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Thinking About John Gilmore

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John Gilmore (1931-1995) was a tenor saxophonist highly regarded by leaders in a wide stylistic range. He worked with Earl Hines, Buster Smith, King Kolax, Miles Davis, B.B. King, and Charles Mingus, among many others. Gilmore was equally comfortable playing mainstream tenor with fellow Chicagoan Red Saunders and exploring the planets with Sun Ra. During his time with Art Blakey's Jazz Messengers in the first half of the 1960s, Gilmore's front-line partner was trumpeter Lee Morgan. Blakey, bassist Victor Sproles and pianist John Hicks were the rhythm section. Here, Gilmore is featured on a ballad introduced by host Humphrey Lyttleton in a 1964 BBC 4 broadcast.



For the last 30 years of his life, Gilmore was on the leading edge of the avant-garde as a pillar of the Sun Ra Arkestra. He attracted a following for solos that incorporated long stretches of upper register playing in the extreme falsetto range of the horn that led one internet commenter to observe, “I think the tea is ready." Still, his core of musicality had the power to lead John Coltrane to name Gilmore as a major influence. Here, Gilmore talks about why he devoted himself to Sun Ra's music. Then, we see and hear him solo with Ra's band on “'Round Midnight" by Thelonious Monk, whom Gilmore had just claimed was superseded by Ra.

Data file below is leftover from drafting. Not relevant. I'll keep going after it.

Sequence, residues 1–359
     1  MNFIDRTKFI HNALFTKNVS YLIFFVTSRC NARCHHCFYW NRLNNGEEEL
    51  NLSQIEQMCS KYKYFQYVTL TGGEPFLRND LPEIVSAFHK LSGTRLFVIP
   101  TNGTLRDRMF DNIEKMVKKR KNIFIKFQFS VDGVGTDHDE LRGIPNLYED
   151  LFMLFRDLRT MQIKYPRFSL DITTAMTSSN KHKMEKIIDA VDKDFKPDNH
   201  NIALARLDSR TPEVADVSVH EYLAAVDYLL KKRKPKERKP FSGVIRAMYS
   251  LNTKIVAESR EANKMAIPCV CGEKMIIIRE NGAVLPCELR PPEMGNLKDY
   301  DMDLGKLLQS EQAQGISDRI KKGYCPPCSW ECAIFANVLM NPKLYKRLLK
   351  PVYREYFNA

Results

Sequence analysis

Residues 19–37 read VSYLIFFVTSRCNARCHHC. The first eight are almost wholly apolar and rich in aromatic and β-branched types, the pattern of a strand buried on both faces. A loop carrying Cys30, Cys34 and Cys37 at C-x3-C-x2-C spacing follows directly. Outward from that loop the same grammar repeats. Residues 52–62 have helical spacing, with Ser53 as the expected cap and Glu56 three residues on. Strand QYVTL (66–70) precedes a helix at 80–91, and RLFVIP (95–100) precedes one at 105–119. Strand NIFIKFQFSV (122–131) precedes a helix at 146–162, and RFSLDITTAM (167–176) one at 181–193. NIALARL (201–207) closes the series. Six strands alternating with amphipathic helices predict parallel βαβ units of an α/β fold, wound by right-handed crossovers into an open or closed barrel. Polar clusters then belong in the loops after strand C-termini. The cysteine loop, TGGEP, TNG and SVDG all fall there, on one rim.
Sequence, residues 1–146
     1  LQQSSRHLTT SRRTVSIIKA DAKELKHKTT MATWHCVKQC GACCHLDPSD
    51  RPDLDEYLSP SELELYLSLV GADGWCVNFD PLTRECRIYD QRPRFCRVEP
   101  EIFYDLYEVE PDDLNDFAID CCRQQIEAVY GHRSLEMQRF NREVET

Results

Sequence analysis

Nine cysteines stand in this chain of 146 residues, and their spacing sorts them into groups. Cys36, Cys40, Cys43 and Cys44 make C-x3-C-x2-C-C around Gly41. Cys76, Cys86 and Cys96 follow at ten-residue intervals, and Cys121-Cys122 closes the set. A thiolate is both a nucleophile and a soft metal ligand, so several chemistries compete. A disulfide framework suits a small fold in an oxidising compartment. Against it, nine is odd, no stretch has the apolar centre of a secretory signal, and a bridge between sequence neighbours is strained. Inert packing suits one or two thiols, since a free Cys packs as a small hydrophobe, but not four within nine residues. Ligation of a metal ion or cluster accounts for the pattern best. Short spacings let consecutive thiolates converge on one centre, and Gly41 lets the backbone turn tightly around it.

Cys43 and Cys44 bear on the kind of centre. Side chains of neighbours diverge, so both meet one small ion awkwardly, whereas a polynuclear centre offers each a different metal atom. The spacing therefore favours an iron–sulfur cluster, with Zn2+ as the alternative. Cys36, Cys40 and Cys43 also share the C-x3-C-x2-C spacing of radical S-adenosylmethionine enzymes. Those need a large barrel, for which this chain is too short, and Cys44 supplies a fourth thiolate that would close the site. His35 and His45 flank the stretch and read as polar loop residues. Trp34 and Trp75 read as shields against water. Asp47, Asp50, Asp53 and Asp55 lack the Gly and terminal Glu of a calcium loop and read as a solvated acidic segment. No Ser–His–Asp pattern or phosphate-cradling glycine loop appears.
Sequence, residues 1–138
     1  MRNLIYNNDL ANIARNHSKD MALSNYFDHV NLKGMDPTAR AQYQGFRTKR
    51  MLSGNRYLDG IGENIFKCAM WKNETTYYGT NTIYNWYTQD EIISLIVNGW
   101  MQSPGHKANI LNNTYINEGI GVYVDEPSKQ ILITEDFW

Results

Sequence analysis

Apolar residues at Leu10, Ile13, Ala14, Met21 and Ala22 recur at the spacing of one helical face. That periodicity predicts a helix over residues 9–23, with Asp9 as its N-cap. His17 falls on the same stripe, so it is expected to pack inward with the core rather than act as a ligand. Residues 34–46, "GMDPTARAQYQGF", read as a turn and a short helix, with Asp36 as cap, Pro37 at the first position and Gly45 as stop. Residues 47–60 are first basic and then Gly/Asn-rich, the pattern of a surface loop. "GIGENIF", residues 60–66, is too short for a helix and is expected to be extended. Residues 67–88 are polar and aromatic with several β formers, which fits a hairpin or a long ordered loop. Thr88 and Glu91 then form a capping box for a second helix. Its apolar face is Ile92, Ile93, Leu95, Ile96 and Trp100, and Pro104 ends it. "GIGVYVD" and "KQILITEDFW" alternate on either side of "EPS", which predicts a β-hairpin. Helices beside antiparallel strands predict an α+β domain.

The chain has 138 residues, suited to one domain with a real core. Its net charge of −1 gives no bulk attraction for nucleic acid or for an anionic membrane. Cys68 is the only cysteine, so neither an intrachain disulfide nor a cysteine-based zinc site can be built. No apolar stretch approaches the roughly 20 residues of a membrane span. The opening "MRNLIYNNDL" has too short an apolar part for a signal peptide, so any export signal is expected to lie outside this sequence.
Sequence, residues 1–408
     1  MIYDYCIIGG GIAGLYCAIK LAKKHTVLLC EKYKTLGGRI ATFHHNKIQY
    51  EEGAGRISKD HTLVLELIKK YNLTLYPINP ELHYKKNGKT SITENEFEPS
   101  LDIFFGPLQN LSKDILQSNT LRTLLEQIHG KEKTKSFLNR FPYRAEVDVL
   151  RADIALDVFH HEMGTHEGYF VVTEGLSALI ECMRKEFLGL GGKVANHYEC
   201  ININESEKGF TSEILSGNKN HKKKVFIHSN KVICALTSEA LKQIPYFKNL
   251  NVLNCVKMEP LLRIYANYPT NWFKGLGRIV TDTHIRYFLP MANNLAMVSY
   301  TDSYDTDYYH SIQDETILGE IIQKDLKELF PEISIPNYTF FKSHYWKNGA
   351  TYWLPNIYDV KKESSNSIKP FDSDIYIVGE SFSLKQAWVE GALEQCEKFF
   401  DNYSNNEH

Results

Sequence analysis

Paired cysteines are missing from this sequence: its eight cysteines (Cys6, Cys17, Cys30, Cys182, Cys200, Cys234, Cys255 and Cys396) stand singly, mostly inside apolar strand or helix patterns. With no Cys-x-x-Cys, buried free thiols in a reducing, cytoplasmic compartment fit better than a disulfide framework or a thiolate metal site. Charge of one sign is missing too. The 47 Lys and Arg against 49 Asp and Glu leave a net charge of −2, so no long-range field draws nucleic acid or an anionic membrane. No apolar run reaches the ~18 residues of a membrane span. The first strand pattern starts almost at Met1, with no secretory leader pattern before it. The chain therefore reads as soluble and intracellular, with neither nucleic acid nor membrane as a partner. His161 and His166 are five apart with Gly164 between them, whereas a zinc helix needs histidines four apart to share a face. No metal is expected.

Following Sun Ra's death in 1993, Gilmore became one of the band's leaders. If you are interested in hearing and seeing one of his altissimo episodes with Ra, go here. Marshall Allen, on alto saxophone, squeals first. Gilmore's solo is at 03:07. To hear Gilmore in a splendid series of choruses on “But Not For Me" in 1960, click here.

For all of his activity and regard by his colleagues, I have been able to find no evidence that Gilmore recorded as a leader, except for co-leader credit with Clifford Jordan for the classic 1957 Blue Note two-tenor album Blowing in From Chicago.

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This story appears courtesy of Rifftides by Doug Ramsey.
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